Banker of the week
This page is used to highlight a particularly notable villainous act by a bank or building society and which deserves to be publicised. Each week, we will try and bring you a new example of villainy. Please email me with anything that you particularly think would merit inclusion on this page.
Then, at the end of 2007, we will put all the examples to the public to vote on who are the biggest bankers of the year.
For a full listing of bankers of the week, see previous winners.
Ninth villain of 2007: Abbey National plc, as they have costs awarded against them
This time it was good old Abbey. Abbey have never been known to turn up for a court hearing to defend a real substantive claim; but they like to send along barristers to hearings on procedural matters or anything else when they think that they will win. In this case, a hearing had been set for a claim in Birkenhead County Court on 16 November. The claim was for nearly £4,000. The claimant submitted a skeleton argument and various other evidence more than 14 days before the hearing to the court and to Abbey. Abbey filed no papers – no change there then.
Two days before the hearing, the claimant phoned Abbey to ask if they would be attending the hearing. He told them that he would be represented by a lay representative (that was me, Bob the Bankbuster) who would have to travel from Cornwall for the hearing. So if Abbey intended to try to get the claim stayed or were going to settle before the hearing, we could avoid unnecessary expense. Abbey refused to say what they were going to do.
So, Bob travelled on 15 November to Birkenhead and attended the court on 16 November with the claimant. In the foyer, a young barrister (is this a sign of age when all barristers look so young?) approached us and said he was there to represent Abbey. He told us that, "of course, the case will be stayed". When I asked why Abbey refused to tell us two days before what their position was, he said that he knew nothing about that – which was almost certainly true, because the banks traditionally never brief their barristers about the cases before sending them into battle.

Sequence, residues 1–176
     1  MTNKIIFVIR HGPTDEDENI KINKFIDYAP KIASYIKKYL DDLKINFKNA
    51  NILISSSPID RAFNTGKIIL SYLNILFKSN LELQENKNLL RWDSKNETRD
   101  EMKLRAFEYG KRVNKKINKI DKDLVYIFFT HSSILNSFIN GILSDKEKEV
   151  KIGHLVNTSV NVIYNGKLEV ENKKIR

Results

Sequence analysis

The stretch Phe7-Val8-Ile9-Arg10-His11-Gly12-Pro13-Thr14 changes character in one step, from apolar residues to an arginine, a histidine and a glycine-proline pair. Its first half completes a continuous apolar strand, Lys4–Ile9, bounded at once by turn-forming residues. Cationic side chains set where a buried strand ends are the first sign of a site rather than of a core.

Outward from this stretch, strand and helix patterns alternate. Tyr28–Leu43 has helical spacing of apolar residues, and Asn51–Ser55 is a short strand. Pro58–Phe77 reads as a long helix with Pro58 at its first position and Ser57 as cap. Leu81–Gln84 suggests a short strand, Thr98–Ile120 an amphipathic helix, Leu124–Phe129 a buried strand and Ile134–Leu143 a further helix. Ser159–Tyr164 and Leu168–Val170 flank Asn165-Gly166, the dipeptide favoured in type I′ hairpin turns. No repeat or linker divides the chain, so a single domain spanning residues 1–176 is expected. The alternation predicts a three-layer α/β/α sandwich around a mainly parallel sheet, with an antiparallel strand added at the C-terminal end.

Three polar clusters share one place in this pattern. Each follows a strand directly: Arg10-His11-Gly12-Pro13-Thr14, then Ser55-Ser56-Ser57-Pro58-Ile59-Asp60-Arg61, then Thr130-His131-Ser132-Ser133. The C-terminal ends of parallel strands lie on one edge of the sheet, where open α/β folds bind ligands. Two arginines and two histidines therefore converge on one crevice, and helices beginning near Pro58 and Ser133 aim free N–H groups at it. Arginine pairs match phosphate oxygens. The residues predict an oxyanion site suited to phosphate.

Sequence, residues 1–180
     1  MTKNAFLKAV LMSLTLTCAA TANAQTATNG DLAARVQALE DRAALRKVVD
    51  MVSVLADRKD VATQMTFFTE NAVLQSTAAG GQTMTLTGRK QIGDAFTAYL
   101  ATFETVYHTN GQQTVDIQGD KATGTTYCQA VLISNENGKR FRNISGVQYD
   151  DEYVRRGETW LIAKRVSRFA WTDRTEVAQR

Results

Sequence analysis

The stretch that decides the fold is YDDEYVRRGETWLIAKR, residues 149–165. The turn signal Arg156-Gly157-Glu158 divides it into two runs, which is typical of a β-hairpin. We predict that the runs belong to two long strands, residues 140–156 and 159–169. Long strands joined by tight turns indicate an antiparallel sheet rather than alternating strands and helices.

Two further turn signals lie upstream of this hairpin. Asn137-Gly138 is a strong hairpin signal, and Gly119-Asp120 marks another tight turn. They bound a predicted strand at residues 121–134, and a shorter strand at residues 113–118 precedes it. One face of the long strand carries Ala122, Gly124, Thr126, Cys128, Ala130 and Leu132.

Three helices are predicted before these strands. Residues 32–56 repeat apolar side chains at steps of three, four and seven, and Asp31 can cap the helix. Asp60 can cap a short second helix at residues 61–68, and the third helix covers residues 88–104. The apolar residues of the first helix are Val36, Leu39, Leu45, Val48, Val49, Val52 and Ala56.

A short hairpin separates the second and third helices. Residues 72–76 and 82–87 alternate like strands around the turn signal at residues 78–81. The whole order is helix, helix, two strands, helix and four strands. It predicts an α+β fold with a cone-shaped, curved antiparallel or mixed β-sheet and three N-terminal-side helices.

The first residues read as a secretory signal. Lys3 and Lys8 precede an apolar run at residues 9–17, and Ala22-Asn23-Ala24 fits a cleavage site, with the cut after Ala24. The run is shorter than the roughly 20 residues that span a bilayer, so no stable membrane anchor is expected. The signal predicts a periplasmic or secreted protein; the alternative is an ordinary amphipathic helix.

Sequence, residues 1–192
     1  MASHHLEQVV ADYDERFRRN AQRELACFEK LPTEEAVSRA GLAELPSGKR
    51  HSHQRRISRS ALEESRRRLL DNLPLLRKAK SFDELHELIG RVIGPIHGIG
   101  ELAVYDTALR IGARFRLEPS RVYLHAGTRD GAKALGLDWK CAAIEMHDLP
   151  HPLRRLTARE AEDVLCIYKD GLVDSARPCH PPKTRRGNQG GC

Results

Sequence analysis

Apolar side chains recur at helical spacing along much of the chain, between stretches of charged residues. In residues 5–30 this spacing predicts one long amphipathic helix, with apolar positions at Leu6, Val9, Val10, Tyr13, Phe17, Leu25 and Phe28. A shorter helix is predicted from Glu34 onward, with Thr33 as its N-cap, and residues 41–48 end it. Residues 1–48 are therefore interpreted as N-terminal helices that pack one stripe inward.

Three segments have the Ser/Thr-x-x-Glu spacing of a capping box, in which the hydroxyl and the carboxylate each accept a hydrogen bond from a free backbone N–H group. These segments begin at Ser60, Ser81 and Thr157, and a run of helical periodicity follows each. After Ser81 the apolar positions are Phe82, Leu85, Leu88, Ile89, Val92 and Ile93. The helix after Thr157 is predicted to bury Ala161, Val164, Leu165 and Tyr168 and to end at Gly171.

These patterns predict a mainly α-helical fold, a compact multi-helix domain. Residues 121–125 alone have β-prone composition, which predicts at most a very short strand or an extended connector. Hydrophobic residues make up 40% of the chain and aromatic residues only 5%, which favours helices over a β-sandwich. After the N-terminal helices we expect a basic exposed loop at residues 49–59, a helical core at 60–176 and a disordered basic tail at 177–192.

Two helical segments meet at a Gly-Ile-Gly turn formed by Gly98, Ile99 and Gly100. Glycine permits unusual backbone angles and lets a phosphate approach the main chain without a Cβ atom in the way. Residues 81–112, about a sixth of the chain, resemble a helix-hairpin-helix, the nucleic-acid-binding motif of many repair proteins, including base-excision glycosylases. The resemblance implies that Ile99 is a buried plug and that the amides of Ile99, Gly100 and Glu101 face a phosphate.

In the court room, Bob said that he wanted to make two submissions, 1) for a stay not to be made because the test case was not relevant to this claim, 2) if the stay was imposed, he wanted an order for costs because of Abbey's unreasonable behaviour in not telling the claimant what they were doing.
The judge did not want to hear any arguments about why the test case was not relevant. She intended to follow all the other cases and impose a stay. She said that it was unusual to award costs in a small claims case, but that she had the power to do so if she felt that one party had acted unreasonably.
The Abbey barrister tried to make out that Abbey had told the defendant that they would ask for a stay. The judge pointed out that this was a letter sent 3 weeks before the case was allocated for a full hearing. After consideration, she said that she would award costs "because of the unreasonable behaviour of the defendant." She asked what sum we had in mind and we asked for my expenses in getting to Birkenhead from Cornwall – train plus hotel but no money for my time – £200. This was given.
So, it was not the result that we would have liked, but Abbey were made to look fools and we live to fight another day. The thought of the barrister having to report back to Abbey that they had 14 days to pay £200 to the claimant sustained me through the 7 hour journey back to Cornwall.
Published and promoted by Bob Egerton, TR2 4RS